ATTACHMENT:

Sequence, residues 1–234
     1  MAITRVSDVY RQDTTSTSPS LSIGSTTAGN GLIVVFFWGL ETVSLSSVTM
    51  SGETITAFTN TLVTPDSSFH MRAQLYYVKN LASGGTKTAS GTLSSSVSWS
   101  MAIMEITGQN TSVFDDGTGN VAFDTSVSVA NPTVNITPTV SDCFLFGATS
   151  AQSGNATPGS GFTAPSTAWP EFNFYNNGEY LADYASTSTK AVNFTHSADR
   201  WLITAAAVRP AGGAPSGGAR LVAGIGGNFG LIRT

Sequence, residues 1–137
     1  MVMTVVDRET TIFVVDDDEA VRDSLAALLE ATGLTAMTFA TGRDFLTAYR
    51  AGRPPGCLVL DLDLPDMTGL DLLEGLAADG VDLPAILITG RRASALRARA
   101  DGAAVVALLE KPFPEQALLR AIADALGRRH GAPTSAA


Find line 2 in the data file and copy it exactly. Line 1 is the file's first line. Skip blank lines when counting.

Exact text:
     1  MAITRVSDVY RQDTTSTSPS LSIGSTTAGN GLIVVFFWGL ETVSLSSVTM